The conical lid allows steam to circulate during cooking, which creates condensation that drips back onto the meat, fish or veggies, keeping food moist. They come in earthenware, ceramic and metal varieties.
Tagines can be used on the stovetop or in the oven, and for years been used just over charcoal, slow cooking meats into tender submission. Many times they are used as tableware to serve, adding authentic exotic flair.
We’re cooking up a big batch of this Beef Tagine, so instead of using our tagine today we cooked our stew in a dutch oven, which works perfectly for any slow cooking. This beef tagine will take your stew experience to a whole different level.
You will be amazed at how cinnamon can be used so beautifully in savory dishes, rather than just in sweet desserts. Using dried fruits like apricots, prunes, dates and raisins is very typical in Moroccan cuisine. This creates great sweet fruity notes, along with the earthy spices in the stew.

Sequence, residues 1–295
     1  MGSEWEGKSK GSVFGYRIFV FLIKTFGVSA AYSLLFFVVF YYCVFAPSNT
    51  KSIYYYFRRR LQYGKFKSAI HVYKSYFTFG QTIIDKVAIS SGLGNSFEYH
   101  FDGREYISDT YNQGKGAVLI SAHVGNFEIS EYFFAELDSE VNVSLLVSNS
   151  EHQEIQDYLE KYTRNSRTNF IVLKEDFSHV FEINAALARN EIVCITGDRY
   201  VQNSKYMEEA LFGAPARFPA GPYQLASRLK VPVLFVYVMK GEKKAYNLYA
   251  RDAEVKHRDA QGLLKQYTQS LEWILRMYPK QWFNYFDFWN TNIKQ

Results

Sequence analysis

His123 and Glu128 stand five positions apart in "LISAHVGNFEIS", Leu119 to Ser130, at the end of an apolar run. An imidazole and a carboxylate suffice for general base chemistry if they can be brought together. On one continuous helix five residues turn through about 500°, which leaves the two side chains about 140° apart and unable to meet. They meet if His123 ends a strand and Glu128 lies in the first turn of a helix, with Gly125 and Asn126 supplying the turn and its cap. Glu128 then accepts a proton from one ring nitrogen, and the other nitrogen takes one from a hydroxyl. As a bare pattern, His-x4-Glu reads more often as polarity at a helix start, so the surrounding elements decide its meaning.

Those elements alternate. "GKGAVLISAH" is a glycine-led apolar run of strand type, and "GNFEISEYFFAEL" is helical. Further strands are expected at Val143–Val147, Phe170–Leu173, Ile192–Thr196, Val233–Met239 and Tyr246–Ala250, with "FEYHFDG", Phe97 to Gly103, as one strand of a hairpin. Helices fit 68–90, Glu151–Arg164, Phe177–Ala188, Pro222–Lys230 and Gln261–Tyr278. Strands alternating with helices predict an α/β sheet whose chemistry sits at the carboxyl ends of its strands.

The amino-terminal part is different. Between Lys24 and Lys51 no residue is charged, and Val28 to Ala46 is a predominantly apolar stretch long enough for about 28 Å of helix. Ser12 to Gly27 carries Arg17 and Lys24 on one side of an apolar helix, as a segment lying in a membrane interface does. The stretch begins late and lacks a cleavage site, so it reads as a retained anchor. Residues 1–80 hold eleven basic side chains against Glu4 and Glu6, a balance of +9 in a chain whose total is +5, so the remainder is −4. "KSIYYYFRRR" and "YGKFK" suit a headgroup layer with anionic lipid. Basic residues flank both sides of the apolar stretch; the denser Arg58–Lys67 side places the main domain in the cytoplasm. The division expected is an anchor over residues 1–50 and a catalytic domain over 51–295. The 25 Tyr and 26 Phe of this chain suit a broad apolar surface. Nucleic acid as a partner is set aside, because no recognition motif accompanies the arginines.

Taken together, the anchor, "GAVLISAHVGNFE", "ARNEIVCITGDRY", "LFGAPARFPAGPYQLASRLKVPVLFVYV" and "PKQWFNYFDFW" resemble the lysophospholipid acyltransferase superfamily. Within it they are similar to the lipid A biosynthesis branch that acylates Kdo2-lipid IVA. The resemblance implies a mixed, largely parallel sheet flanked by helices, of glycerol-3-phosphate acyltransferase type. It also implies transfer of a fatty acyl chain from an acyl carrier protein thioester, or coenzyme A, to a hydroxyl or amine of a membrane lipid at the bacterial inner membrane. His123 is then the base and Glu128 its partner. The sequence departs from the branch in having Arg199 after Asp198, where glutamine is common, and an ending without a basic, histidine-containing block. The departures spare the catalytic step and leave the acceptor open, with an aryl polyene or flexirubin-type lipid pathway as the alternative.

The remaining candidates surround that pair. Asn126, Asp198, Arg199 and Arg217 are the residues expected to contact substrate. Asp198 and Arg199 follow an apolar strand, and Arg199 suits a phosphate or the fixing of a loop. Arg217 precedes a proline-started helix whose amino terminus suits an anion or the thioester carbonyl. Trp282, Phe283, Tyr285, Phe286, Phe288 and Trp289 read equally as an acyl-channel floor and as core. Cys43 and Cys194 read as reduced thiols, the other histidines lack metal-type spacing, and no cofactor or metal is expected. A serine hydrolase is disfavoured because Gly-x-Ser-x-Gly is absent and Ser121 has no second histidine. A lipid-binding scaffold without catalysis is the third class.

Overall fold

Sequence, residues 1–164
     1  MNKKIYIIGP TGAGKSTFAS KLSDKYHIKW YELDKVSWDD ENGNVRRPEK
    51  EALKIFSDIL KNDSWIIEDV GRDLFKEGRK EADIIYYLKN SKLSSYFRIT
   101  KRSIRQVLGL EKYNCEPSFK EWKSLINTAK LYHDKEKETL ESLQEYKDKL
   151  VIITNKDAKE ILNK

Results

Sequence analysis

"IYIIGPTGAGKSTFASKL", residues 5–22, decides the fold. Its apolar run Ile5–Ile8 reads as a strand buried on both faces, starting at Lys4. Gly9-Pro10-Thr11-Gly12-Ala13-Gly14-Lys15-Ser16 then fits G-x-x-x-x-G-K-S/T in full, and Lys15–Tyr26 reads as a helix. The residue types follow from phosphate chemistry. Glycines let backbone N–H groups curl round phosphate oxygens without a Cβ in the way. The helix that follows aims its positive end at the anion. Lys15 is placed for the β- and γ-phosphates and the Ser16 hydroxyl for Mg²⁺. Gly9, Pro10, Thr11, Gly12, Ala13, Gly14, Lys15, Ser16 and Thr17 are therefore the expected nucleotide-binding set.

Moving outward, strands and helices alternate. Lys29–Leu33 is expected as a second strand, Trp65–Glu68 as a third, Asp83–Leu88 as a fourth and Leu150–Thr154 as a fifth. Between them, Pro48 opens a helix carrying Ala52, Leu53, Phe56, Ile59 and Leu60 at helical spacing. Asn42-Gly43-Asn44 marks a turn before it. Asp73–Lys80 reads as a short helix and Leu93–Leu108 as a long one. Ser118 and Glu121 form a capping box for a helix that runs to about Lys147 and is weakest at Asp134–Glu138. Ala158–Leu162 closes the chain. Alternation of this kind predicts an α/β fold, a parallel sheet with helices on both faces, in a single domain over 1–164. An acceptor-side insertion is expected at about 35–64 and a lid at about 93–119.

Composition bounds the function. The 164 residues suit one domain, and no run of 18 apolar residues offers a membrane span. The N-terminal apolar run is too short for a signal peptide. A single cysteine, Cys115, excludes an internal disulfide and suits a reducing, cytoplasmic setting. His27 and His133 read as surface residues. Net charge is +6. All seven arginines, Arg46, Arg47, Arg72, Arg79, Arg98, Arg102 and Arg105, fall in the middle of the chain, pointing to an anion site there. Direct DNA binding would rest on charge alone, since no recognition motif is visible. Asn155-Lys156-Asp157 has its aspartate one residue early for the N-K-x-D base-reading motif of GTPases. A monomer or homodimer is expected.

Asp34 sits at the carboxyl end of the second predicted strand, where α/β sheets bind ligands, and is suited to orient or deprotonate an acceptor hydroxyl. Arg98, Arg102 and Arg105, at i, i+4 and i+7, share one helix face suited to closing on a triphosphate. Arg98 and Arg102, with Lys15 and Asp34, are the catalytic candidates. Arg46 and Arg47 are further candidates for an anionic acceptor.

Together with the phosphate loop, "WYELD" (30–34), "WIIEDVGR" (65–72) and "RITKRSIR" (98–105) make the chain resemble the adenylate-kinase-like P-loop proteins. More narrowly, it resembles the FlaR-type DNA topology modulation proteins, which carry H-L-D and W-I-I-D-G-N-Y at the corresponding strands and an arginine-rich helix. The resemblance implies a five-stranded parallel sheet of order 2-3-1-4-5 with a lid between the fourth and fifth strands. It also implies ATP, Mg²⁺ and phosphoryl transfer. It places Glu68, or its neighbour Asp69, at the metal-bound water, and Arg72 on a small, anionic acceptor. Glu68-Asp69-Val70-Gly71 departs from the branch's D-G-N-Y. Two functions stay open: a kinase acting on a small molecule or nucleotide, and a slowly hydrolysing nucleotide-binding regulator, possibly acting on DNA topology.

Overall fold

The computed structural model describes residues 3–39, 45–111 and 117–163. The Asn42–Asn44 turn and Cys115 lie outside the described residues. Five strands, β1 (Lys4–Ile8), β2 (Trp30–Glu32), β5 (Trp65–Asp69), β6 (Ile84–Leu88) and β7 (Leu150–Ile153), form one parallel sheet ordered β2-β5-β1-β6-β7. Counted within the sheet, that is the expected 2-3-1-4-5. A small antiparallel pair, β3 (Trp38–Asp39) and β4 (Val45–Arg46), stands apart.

What beef to use for Moroccan Tagine
We always swear by chuck roast for any kind of stew. No other cut would give that tender, melt in your mouth experience like chuck roast after braising it for hours. Try to find a thick cut with good marbling all over. During the long cooking time, the fat cooks down, adding great depth and flavor to the pot.
Ingredients for Moroccan Beef Tagine
- Beef – chuck roast, cut into bite sized pieces.
- Spices – paprika, Spanish paprika (optional, but so good ), cumin, coriander, cinnamon, turmeric. Some of each will be used to season the beef, and some more will go in the stew later.
- Aromatics – garlic, ginger
- Veggies – carrots, onions, tomatoes, potatoes (we used baby potatoes)
- Garbanzo beans – we love canned Goya brand